Within the Momentum project we developed a field method, Orvion Udetect®, to be able to detect bacterial species of interest in water samples within 2 hours by qPCR. The method was used in Mozambique to produce quantitative and accurate data on the microbial water quality of the city of Tete (Nhartanda Valley). Informal settlements and industrial activities in and around the Valley threaten the water quality of the aquifer that is used as source of drinking water for the city. The aim of the project was to determine the general microbial water quality in different water sources around the Valley and to help visualise the effect of wastewater runoff and industrial activity on microbial water quality.
Consult, a total of 631 samples were analysed over four sampling rounds in 2019 and 2020. Each sample was tested with Orvion Udetect for two faecal indicators, Escherichia coli and Bacteroides dorei, and one potential human pathogen, Salmonella spp. In this way 1,893 data points were generated in total. Samples were also analysed for pH, conductivity, nitrate and ammonium using handheld sensors. Samples were divided into four water types, groundwater, surface water, tap water and (shallow) wells, to show the changes in water quality along the water system of the city (surface water à aquifer à users). The results were visualised in an interactive map (geo-mapping) to help show hotspots of faecal contamination and poor water quality.
60% of samples tested positive for E. coli, 18% for B. dorei and 5% for Salmonella. B. dorei is a faecal indicator that is more specific for human faecal contamination. These results show that other sources of faecal contamination (most likely livestock) are also relevant. This helps determine the most likely source of faecal contamination in a sample and to identify fitting preventative measures.
Some samples tested negative for E. coli, but positive for Salmonella (6 samples) and/or B. dorei (14 samples). This clearly demonstrates the importance of monitoring for different types of bacteria to make a better assessment of microbial water quality instead of relying solely on E. coli. An important benefit of Udetect is that it is possible to test for various microbial targets at the same time without having to change methods or procedures.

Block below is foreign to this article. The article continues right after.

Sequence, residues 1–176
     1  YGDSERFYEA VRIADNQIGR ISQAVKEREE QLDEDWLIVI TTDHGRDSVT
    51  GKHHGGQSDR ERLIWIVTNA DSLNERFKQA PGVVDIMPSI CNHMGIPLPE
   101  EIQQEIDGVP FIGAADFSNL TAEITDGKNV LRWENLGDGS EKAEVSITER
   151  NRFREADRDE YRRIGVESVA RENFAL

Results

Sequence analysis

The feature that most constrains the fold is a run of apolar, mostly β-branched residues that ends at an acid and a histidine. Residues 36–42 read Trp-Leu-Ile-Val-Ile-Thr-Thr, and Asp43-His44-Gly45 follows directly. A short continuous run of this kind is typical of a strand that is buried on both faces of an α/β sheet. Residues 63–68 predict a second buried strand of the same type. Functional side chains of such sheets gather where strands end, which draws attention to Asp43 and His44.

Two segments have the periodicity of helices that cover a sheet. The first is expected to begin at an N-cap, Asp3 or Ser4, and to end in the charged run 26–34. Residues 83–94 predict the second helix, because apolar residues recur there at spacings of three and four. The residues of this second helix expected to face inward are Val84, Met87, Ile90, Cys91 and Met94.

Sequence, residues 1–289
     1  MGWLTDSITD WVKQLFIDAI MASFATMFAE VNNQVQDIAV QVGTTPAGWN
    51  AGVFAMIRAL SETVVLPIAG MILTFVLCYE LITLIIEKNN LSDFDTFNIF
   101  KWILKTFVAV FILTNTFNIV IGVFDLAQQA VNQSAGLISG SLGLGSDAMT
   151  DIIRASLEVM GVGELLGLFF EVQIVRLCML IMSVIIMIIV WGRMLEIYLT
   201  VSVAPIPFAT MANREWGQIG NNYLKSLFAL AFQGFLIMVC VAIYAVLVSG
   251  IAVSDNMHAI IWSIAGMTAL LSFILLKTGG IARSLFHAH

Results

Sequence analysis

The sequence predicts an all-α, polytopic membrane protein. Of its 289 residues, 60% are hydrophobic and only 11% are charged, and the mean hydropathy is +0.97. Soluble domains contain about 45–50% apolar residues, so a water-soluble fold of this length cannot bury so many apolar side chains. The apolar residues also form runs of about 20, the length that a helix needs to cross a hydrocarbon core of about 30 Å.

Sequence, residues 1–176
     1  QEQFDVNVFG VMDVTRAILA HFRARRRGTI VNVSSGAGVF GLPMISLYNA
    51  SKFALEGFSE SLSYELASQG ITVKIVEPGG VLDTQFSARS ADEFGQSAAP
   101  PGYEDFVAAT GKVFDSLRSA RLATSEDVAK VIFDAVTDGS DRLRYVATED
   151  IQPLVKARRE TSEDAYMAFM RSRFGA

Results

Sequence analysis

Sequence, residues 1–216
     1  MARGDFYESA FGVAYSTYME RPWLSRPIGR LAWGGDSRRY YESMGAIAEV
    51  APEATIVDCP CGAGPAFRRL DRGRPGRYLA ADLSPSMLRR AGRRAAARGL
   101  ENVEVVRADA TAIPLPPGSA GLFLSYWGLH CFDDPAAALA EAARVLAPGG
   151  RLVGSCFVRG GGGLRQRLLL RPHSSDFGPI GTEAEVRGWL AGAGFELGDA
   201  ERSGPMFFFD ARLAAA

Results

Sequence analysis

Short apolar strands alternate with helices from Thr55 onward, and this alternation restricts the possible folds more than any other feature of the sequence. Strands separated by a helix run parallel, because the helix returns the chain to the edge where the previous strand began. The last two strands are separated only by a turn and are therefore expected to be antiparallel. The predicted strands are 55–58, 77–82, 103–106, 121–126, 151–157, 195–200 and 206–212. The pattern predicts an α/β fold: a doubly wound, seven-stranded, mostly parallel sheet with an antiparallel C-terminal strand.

Water sample types
Wastewater and open defecation are the main sources of microbial contamination, and without a sewer system, the concentrations of microbial faecal indicators are, as expected, alarmingly high. About 60% of the surface water used to bathe in and wash were found positive for both faecal indicators. 25% of drinking water samples – groundwater, wells and taps – tested positive in all rounds for at least one microbial target (2% of samples contained more than 10,000 cells/100 ml). This data supports the need of preventative measures (such as dams, sand filters, public toilets) in the valley to improve water quality and protect drinking water sources and helps to identify hotspots that require the most urgent action. Monitoring in time will help determine their effectivity.
Tap water was found contaminated only occasionally. It remains to be determined whether faecal contamination is a matter of poor water quality, or poor hygiene and sanitation (or both). Only then can the best course of action be determined to improve drinking water quality.
Groundwater was not found to be significantly contaminated. This could be due to the depth of boreholes and piezometers that were sampled as well as dilution factors. Also, there is a protective clay layer above the aquifer that forms a barrier between wastewater runoff and the drinking water aquifer. It is known that in some areas this protective barrier has been removed as a result of industrial activities and that the aquifer in that area has become contaminated.
Other parameters for faecal contamination
Ammonium and nitrate are parameters that are sometimes used as indicators of faecal contamination. However, the data generated within Momentum clearly demonstrates that there was no correlation between concentrations of ammonium and/or nitrate and the concentrations of faecal indicator bacteria. These chemical parameters are not able to replace monitoring of the microbial water quality.
The added value of the Udetect method is the wide choice of targets, the speed of the analysis and the digital, quantitative results that are generated. The mobile DNA technology can be applied in rural contexts, also for WASH studies and outbreak management, by being flexible in available targets and speed of analysis, both very important aspects in such contexts. The Momentum project was crucial for the development, validation and upscaling of Udetect ready for market introduction. As of October 2020, Orvion Udetect® is commercially available for monitoring of drinking water, surface/bathing water and (contaminated) groundwater. www.udetect.eu
Momentum received funding from Partners Voor Water a programme of the Netherlands Enterprise Agency (RVO) and the Netherlands Water Partnership (NWP) on behalf of the Ministries of Infrastructure and Water Management, Economic Affairs and Climate, and Foreign Affairs.